A biologics license application resubmission for toripalimab in combination with gemcitabine and cisplatin and for toripalimab monotherapy has been accepted by the FDA.
The FDA has accepted for review the biologics license application (BLA) resubmission for toripalimab in combination with gemcitabine and cisplatin as first-line treatment for patients with advanced recurrent or metastatic nasopharyngeal carcinoma (NPC) as well as for toripalimab monotherapy as second-line or later treatment of patients with recurrent or metastatic NPC after platinum-containing chemotherapy, according to a press release from Coherus BioSciences, Inc.1
The anti-PD-1 monoclonal antibody, toripalimab, was developed to block PD-1 interactions with its ligands, PD-L1 and PD-L2, and for enhanced receptor internalization. Through blocking PD-1 interactions with PD-L1 and PD-L2, the immune system can easily attack and kill tumor cells.
The BLA for toripalimab is supported by the results from the phase 2 POLARIS-02 trial (NCT02915432) and phase 3 JUPITER-02 clinical trial (NCT03581786). POLARIS-02 showed that toripalimab alone can induce durable clinical responses with manageable safety, and JUPITER-02 demonstrated the efficacy and safety of using toripalimab in combination with chemotherapy.
Previously in November 2021, a BLA for toripalimab with or without chemotherapywas granted priority review by the FDA for the treatment of advanced recurrent or metastatic NPC. However, in May 2022, the agency issued a complete response letter to the BLA requesting that the developer to alter its quality process.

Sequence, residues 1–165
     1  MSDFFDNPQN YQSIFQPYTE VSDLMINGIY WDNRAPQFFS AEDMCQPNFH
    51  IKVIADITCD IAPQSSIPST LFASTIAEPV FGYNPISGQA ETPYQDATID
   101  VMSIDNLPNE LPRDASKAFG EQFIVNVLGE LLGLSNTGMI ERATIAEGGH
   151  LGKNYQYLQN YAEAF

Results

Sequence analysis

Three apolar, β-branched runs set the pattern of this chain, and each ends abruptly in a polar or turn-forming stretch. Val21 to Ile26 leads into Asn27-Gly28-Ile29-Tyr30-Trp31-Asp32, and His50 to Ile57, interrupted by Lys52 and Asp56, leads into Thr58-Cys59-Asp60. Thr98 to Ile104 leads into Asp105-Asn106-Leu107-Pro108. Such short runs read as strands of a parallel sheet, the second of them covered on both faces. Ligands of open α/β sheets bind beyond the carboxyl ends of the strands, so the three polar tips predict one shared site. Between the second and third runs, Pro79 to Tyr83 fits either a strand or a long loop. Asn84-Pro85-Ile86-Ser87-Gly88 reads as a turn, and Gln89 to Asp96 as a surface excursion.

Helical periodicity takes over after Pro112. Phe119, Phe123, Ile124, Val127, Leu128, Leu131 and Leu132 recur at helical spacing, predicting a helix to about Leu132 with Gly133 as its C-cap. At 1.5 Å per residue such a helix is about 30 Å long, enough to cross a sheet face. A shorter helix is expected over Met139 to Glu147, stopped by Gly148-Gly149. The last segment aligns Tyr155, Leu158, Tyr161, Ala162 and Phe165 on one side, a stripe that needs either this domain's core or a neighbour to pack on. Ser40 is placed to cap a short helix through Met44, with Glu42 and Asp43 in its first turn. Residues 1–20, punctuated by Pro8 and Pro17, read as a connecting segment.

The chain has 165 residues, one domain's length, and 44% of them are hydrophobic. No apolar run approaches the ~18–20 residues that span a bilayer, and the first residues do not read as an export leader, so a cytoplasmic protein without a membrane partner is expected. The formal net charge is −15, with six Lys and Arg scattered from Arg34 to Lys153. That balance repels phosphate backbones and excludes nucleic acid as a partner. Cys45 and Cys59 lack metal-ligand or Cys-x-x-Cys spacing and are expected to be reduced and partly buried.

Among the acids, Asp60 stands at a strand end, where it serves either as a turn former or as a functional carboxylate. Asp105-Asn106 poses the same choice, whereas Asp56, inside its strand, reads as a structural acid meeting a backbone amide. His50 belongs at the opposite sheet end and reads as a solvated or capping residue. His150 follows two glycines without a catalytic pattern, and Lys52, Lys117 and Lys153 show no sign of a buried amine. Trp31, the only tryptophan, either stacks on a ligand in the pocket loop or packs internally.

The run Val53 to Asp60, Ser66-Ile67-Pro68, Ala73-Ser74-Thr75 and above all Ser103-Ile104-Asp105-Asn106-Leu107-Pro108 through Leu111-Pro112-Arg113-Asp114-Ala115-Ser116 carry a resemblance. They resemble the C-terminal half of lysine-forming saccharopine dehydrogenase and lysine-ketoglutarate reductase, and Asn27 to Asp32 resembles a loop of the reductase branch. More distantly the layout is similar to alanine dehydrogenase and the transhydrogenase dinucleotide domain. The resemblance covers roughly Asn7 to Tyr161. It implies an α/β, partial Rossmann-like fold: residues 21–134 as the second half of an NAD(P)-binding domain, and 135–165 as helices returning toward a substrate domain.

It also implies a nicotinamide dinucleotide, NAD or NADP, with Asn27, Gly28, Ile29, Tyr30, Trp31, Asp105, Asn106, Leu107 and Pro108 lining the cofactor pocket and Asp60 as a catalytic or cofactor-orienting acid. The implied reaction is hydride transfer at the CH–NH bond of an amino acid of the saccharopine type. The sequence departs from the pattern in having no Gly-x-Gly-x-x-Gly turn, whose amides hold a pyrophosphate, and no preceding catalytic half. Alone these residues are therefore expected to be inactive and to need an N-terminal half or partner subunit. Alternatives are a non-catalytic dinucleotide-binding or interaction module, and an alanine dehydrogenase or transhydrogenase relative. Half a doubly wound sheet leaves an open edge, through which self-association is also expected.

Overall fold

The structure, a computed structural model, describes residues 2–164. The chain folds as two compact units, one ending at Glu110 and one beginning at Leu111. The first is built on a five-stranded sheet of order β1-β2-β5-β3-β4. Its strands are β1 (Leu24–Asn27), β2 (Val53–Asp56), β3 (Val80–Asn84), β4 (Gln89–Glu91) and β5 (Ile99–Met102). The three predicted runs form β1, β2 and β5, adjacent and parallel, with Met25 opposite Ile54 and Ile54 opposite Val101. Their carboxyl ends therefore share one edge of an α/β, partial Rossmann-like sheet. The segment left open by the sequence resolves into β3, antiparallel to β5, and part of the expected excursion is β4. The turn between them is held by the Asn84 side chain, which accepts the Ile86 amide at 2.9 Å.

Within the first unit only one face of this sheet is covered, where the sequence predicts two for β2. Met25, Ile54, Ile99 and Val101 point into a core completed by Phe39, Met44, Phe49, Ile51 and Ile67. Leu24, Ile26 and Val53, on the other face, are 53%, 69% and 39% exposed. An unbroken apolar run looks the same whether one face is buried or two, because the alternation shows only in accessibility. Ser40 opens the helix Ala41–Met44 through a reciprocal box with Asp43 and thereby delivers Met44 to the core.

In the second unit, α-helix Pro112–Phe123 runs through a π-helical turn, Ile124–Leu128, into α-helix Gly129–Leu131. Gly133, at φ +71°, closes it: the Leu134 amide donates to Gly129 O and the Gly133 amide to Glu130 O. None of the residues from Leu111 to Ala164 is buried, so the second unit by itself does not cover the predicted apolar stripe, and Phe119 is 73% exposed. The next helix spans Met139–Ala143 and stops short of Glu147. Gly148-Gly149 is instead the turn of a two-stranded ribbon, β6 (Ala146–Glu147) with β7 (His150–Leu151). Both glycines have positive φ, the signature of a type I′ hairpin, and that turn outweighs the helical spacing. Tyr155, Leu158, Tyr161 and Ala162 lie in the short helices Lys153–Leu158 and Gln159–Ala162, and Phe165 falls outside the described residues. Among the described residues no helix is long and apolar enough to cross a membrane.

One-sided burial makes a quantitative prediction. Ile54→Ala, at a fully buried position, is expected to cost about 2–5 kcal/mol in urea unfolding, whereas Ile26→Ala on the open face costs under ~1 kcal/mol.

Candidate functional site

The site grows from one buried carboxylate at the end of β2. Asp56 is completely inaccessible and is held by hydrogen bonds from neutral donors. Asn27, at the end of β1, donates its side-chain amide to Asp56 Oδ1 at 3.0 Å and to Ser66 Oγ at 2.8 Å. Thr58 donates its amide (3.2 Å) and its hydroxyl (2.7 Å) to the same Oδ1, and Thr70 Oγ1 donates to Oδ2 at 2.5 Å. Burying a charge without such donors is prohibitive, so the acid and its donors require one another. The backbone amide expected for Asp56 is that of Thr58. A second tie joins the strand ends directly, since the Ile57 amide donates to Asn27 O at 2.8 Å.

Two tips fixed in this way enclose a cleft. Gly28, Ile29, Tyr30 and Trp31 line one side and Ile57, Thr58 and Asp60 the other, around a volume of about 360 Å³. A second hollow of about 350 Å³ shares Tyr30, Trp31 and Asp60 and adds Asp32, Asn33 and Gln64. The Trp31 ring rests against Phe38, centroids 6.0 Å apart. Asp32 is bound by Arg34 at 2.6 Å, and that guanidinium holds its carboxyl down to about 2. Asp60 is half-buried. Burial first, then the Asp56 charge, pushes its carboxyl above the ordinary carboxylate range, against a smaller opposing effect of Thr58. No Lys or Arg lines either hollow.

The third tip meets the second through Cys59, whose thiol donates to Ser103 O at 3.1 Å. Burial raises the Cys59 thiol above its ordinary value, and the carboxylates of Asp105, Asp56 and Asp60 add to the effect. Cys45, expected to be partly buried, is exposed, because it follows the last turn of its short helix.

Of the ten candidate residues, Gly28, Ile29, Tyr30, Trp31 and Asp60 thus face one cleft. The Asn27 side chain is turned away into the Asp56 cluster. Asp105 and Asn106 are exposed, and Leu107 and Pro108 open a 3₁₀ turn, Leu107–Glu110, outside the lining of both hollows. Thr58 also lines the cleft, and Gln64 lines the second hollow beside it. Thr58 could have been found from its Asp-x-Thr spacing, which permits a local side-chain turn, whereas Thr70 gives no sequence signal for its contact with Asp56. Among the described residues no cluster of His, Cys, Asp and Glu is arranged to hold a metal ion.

In August 2021, the FDA also granted breakthrough therapy designation (BTD) for toripalimab in combination with chemotherapy (gemcitabine and cisplatin) as first-line treatment for patients with recurrent, locally advanced or primary metastatic non-keratinizing NPC and for toripalimab monotherapy in patients with recurrent or metastatic non-keratinizing NPC who had disease progression on or after platinum-containing chemotherapy.
“Toripalimab would address a critical unmet medical need for patients with nasopharyngeal carcinoma, an aggressive cancer for which there are currently no FDA-approved immunotherapy treatments. We collaborated closely with our partner, Junshi Biosciences, to complete the quality process changes requested by the FDA and facilitate the rapid resubmission of the toripalimab BLA,” said Theresa LaVallee, MD, chief development officer of Coherus, in the press release.
For the toripalimab plus chemotherapy indication, JUPITER-02, a randomized, double blind, placebo-controlled, international multi-center phase 3 clinical trial, examined 289 chemotherapy-naïve patients with recurrent or metastatic NPC. A total of 146 patients were assigned to the toripalimab combination arm and 143 were assigned to the placebo arm.2
Patients were randomized 1:1 to receive toripalimab at 240 mg and gemcitabine plus cisplatin every 3 weeks for at least 6 treatment cycles. This was followed by toripalimab maintenance at 240 mg every 3 weeks, (n = 146) or chemotherapy combined with placebo every 3 weeks for 6 cycles followed by placebo maintenance every 3 weeks (n = 143). Nearly 80% of patients continued with maintenance therapy of either toripalimab or placebo following the completion of chemotherapy completion.